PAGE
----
To make informed decisions about nutrition, consumers should seek out a variety of reputable, evidence-based resources. These can include peer-reviewed scientific journals, registered dietitians or nutritionists, government health agencies, and academic institutions specializing in nutrition and health research.

By consulting a range of sources and critically evaluating information, consumers can make dietary choices that are based on a well-rounded understanding of nutrition rather than being swayed solely by the excitement of a compelling documentary.

A Sea of Shadows: Uncovering Illegal Fishing Boats

Growing up in northern New England, we were spoiled with abundant fresh, local seafood. It wasn’t until I moved away that I realized how good I had it eating freshly caught fish. The United States imports 70-80% of its seafood, mostly from China, Thailand, Canada, Indonesia, Vietnam, and Ecuador.   

My new reality was pulling out my phone at the seafood counter in my grocery store to find out where the catch originated. But with confusing adjectives, like “line caught,” “wild,” “farmed,” “no antibiotic-free,” “pole caught,” and “sustainable,”… I ended up just sticking with salmon farmed in Norway, where I knew the standard was high.

Turns out, I had every reason to be overly cautious. A study released in the January 2024 issue of Nature reports that 75% of global fishing vessels are untraceable. Research jointly conducted by Global Fishing Watch, the University of Wisconsin-Madison, Duke University, UC Santa Barbara, and SkyTruth, gave concrete insights into this murky world of “dark vessels”. These stealthy ships roam the seas, plundering marine resources without a trace.

Understanding Dark Vessel Fishing

Dark vessel fishing ships operate well beyond the reach of regulation and oversight, hence the name ‘dark’.  Their impropriety threatens the delicate balance of marine ecosystems across the globe, not to mention posing a significant concern to global food security, economic stability, and the livelihoods of millions of people who depend on the ocean for sustenance.

The fishing industry has experienced a slowdown in recent years. Prolonged COVID shutdowns and overfishing in previous decades, as well as an increase in on-land and shore-based aquaculture operations, have contributed to decreased demand. Despite this, seafood remains a $250 billion market, with an estimated loss due to illegal fishing as high as $23.5 billion.

Illegal, unreported, and unregulated (IUU) activity continues to proliferate, prompted by an increasing demand for fish. As long as there are fish to capture, these stealthy ships will attempt to reap profits by exploiting fishing grounds beyond the reach of authorities.

IUU fishing vessels use a variety of tactics to evade detection, from turning off or manipulating their automatic identification system (AIS) transponders to operating in remote and poorly monitored ocean regions. The result is a cat-and-mouse game between authorities and illicit operators, with significant implications for marine biodiversity and the sustainability of global fisheries.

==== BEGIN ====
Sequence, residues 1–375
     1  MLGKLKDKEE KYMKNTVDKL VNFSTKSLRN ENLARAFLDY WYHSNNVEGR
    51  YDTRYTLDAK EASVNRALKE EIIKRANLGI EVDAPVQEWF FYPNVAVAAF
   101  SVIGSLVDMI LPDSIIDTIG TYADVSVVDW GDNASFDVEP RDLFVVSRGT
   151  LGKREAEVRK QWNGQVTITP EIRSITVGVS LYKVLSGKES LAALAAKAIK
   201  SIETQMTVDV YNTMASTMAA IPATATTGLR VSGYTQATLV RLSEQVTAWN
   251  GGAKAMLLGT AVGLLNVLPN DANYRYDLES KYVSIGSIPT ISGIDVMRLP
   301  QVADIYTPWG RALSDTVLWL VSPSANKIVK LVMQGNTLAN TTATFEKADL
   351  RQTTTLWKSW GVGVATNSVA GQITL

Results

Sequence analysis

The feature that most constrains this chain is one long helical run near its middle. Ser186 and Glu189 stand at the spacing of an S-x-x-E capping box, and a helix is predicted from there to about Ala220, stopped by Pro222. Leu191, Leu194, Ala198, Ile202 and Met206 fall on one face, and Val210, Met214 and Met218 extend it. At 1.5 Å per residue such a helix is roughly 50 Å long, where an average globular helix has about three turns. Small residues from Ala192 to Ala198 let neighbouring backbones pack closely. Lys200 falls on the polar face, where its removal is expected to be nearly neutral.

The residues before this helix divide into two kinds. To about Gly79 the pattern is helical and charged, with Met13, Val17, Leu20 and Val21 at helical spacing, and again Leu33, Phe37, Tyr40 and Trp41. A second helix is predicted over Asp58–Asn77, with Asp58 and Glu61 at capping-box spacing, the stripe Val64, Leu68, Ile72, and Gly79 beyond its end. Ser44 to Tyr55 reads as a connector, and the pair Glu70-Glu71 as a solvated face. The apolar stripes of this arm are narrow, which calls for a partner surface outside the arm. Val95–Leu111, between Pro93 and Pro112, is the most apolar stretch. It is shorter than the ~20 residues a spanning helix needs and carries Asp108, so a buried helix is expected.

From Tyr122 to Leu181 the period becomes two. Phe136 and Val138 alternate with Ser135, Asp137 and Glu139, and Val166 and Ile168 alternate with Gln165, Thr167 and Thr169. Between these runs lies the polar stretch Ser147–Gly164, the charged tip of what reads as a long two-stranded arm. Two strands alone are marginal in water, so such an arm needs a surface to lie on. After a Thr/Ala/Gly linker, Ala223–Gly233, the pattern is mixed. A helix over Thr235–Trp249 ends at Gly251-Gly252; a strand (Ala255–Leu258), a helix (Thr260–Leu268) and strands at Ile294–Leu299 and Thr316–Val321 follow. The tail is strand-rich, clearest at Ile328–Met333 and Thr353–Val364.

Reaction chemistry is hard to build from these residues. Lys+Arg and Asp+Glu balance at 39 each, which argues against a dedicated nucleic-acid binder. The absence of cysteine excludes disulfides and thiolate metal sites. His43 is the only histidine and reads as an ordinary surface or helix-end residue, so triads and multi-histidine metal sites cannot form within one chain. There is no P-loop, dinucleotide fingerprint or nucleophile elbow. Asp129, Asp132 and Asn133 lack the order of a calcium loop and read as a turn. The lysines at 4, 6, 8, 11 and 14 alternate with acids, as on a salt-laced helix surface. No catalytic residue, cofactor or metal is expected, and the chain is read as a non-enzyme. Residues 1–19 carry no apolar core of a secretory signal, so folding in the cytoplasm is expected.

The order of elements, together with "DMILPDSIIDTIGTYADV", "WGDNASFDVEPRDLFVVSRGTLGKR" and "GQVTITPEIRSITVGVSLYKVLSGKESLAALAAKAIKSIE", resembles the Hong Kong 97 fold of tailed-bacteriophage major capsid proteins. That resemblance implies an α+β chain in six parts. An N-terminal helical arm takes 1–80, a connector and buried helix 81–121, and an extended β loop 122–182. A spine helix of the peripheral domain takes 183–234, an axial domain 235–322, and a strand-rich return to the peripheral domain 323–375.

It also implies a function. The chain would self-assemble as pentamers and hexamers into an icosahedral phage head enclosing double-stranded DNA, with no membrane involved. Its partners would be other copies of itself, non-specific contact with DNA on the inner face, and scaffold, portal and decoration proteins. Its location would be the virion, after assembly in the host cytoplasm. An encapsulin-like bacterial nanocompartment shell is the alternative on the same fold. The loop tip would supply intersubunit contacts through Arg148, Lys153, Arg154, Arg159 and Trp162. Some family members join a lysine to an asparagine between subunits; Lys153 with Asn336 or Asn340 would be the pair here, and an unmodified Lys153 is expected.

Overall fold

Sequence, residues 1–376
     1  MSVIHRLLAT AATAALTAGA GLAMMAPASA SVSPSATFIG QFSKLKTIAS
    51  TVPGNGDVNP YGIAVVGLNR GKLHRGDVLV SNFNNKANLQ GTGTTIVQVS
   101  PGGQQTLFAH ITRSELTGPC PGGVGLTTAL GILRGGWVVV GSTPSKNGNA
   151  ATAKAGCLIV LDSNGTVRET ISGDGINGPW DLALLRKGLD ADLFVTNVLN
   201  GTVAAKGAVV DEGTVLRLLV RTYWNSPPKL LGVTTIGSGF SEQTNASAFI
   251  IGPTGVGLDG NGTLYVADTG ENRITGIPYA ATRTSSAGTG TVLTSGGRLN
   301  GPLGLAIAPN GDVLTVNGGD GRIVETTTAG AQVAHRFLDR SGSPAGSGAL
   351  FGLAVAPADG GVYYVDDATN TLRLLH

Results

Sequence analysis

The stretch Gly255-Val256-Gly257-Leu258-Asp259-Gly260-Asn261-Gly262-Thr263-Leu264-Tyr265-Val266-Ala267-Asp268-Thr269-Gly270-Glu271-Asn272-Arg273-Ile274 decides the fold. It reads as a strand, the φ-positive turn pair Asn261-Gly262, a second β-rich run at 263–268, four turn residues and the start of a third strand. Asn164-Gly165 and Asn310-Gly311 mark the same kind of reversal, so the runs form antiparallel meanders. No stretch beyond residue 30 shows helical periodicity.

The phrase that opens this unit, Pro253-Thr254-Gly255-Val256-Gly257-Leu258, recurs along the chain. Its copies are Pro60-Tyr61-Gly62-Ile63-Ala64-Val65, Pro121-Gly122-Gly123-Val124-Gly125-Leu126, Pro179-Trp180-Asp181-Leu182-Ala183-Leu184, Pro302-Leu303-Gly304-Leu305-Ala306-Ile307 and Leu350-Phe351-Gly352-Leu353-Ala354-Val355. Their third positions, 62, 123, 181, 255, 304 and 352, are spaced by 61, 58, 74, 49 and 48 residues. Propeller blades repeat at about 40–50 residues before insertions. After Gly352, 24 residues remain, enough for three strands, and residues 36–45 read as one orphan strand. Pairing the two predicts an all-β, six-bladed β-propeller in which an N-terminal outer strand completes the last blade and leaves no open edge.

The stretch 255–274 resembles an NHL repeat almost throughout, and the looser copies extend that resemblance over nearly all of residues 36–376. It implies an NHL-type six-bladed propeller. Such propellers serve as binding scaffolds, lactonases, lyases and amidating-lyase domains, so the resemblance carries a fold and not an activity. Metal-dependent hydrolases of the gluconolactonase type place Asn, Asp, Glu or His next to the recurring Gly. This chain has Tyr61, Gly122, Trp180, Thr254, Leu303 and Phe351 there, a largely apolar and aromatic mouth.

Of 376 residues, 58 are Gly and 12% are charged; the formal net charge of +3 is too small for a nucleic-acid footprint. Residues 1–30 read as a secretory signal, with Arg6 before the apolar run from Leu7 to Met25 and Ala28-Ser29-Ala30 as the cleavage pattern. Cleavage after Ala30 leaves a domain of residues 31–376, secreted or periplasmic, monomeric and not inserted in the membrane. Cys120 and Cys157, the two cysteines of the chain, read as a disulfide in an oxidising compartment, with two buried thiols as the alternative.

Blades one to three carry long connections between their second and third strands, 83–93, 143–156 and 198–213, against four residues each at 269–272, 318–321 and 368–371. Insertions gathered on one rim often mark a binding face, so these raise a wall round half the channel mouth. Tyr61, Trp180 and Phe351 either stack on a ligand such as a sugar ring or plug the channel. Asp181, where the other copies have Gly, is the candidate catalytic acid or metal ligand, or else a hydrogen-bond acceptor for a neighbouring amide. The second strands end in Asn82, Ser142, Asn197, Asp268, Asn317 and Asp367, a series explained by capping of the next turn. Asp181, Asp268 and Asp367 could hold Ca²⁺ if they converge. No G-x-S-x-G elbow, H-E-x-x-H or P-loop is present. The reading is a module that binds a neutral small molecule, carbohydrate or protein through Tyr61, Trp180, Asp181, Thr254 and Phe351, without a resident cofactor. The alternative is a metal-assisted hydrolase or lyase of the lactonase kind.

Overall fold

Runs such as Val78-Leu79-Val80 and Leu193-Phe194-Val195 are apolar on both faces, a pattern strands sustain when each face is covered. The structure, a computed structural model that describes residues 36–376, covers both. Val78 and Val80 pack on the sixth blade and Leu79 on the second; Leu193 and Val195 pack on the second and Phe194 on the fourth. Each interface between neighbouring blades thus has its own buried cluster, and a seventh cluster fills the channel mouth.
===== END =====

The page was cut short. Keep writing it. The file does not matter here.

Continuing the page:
“A new industrial revolution has been emerging in our seas undetected—until now. On land, we have detailed maps of almost every road and building on the planet.

In contrast, growth in our ocean has been largely hidden from public view.”

 

          David Kroodsma, study author, Global Fishing Watch

Identifying Dark Vessels

The study, conducted by an international team of researchers, analyzed satellite data and harnessed the power of artificial intelligence to track the movements of dark vessel fishing boats to identify hotspots of illegal fishing activity and gain a deeper understanding of the factors driving these activities.

The study’s findings paint a troubling picture of the prevalence of dark vessel fishing across various regions of the world, even in marine protected areas like the Galapagos Marine Reserve. Their study also found more than 25 percent of transport and energy vessels are considered “dark.”

“Historically, vessel activity has been poorly documented, limiting our understanding of how the world’s largest public resource—the ocean—is being used.

By combining space technology with state-of-the-art machine learning, we mapped undisclosed industrial activity at sea on a scale never done before.”

 

          Fernando Paolo, study author, Global Fishing Watch

Collecting and analyzing the incomprehensible amount of data (2 thousand terabytes worth) needed to find this specific information was no small feat. Thankfully, these brilliant researchers mined disparate sets of public data to pinpoint exact locations of fishing vessels, both traceable and non-traceable.